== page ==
The 1992 directive of the Secretary of State, as applied to the current version of the withdrawal statute for purposes of the case sub judice, clearly “amplifies” the language of the statute, and, in fact, extends the time period for a candidate's withdrawal in direct contravention of the statute. Relator has cited no authority which permits the Secretary of State, a part of the executive branch of the government, to extend the filing deadline for the withdrawal of a candidate prior to a presidential primary election as designated by the General Assembly, the legislative branch of the government. Neither party has submitted or is relying upon any more recent directive of the Secretary of State that interprets R.C. 3513 .30 as amended.
In the relator's brief in opposition and cross-motion for summary judgment, relator relies on Secretary of State Advisory No. 96-02, dated February 1, 1996. Advisory No. 96-02 provides procedures relating to absentee ballots 4 that are to be followed, pursuant to R.C. 3513.30(E) by boards of elections if a certified candidate withdraws in accordance with the withdrawal statute. R.C. 3513.30(E) provides:
“(E) When a person withdraws under division (B) or (D) of this section, the board of elections shall remove the name of the withdrawn candidate from the ballots to the extent practicable in the time remaining before the election and according to the directions of the secretary of state. If the name is not removed from all ballots before the day of election, the votes for the withdrawn candidate are void and shall not be counted.”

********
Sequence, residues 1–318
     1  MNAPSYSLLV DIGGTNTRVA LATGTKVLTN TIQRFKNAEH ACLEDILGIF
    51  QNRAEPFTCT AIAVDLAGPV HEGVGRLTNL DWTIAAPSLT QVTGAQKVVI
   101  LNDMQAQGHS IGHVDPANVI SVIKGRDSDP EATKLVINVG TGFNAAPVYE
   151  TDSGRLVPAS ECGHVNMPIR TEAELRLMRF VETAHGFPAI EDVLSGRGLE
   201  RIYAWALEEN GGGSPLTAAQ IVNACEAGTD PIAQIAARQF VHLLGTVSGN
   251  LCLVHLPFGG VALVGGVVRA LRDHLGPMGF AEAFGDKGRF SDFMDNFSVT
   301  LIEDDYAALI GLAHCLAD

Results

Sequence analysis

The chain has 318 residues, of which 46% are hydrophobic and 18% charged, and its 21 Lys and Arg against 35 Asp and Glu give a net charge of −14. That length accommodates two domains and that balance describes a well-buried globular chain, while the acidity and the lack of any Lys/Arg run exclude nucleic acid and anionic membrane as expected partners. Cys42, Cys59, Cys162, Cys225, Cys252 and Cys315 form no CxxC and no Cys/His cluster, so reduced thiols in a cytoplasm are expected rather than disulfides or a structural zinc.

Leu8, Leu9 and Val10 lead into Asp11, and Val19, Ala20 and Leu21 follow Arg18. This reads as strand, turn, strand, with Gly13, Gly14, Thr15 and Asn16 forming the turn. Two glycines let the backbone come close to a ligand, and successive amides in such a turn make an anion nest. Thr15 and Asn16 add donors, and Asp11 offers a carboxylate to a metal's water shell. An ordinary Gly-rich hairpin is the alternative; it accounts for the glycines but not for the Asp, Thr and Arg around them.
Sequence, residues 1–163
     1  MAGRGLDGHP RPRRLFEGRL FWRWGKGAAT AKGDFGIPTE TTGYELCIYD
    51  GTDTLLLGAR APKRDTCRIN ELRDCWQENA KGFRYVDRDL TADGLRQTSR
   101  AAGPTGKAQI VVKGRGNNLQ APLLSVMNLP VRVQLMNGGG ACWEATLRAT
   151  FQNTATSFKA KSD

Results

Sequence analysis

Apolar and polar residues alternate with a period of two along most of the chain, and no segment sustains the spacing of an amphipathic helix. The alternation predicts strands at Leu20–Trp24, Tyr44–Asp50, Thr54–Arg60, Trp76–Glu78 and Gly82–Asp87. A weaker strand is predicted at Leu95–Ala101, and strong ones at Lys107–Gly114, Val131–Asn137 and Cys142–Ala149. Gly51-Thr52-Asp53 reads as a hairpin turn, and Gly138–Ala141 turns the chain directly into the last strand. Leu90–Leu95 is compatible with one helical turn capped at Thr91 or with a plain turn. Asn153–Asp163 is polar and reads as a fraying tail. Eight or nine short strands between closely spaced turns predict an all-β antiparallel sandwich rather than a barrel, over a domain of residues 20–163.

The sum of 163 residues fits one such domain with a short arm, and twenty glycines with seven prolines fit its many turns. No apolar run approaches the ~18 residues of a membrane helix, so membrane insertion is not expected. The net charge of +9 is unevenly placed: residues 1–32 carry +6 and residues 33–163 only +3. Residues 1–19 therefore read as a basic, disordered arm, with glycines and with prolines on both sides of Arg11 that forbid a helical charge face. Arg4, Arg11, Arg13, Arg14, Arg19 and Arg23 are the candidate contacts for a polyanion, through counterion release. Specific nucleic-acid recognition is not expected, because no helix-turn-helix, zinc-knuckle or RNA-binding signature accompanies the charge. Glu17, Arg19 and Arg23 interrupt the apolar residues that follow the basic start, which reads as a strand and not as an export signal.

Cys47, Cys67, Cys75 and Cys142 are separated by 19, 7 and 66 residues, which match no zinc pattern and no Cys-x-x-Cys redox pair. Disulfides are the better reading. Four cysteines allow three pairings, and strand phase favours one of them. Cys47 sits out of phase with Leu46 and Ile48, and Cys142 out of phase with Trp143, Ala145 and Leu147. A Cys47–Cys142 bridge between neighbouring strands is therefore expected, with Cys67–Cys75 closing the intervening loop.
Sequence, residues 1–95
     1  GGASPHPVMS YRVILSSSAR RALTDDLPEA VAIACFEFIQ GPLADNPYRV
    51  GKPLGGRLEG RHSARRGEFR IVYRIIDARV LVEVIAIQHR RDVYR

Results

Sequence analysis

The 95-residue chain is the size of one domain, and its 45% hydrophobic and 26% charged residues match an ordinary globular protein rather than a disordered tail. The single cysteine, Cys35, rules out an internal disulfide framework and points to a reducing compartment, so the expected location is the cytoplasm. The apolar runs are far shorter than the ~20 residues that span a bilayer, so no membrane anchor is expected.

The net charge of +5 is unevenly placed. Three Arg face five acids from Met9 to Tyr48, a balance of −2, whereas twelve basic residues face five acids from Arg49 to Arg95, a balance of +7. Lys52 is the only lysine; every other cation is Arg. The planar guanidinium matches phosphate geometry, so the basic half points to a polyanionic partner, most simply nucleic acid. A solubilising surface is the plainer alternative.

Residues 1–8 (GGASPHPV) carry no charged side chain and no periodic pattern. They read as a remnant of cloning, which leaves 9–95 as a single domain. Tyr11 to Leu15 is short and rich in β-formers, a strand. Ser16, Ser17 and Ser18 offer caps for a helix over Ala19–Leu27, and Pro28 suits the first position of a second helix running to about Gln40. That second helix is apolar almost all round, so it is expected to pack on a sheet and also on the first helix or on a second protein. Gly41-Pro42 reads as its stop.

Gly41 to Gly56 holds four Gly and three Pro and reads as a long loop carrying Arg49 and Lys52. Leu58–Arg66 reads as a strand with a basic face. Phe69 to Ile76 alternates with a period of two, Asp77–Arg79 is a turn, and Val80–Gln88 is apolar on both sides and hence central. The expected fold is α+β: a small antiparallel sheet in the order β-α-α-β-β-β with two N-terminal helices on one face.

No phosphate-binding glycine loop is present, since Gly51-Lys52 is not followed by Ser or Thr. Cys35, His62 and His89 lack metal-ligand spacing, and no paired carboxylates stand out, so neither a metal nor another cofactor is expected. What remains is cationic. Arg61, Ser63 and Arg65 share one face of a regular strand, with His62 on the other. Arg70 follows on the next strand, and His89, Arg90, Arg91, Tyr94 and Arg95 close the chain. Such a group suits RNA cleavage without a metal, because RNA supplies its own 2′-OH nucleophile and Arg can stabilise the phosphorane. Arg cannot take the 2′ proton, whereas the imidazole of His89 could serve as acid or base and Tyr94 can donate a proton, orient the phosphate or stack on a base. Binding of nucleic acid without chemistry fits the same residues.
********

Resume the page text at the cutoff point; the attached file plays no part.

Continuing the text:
Pursuant to this section of the withdrawal statute, had relator filed her statement of withdrawal prior to the fiftieth day before the presidential primary as provided in sections (B) and (D) of R.C. 3513.30, the board would have had the duty to remove relator's name from the ballot to the extent practicable in the time remaining before the election and according to the procedures in Advisory No. 96-02, if not otherwise superseded. Because relator did not comply with the requirements of the withdrawal statute, the board had no duty enforceable in mandamus pursuant to R.C. 3513.30(E) to remove relator's name from the ballot.
What is interesting intellectually and what neither party has briefed is whether an “advisory” or “directive” of the Secretary of State is tantamount to a “rule” of the Secretary of State, or merely an instruction or other pronouncement. The General Assembly has delegated authority to the Secretary of State to prepare “rules and instructions” for the conduct of elections, R.C. 3501.05(C), but has required the boards of elections to perform “such other duties as are prescribed by law or the rules of the secretary of state” without mention of the instructions of the Secretary of State, R.C. 3501.11(P). Assuming that the board in fact violated something other than a “rule” of the Secretary of State, it is unclear whether relief in mandamus through the judiciary would be appropriate or whether some sort of disciplinary procedure through the Secretary of State's office, as alluded to by the Attorney General's office in 1930 Ohio Atty.Gen.Ops. No. 1423, would be the sole recourse. In any event, even if we were to conclude that the board contravened Secretary of State Directive No. 92-14 and/or Secretary of State Advisory No. 96-02, it is unclear whether such violation(s) would warrant relief in mandamus. Mandamus is a remedy that is to be exercised with great caution and only when the way is clear. State ex rel. Taylor v. Glasser (1977), 50 Ohio St.2d 165, 4 O.O.3d 367, 364 N.E.2d 1.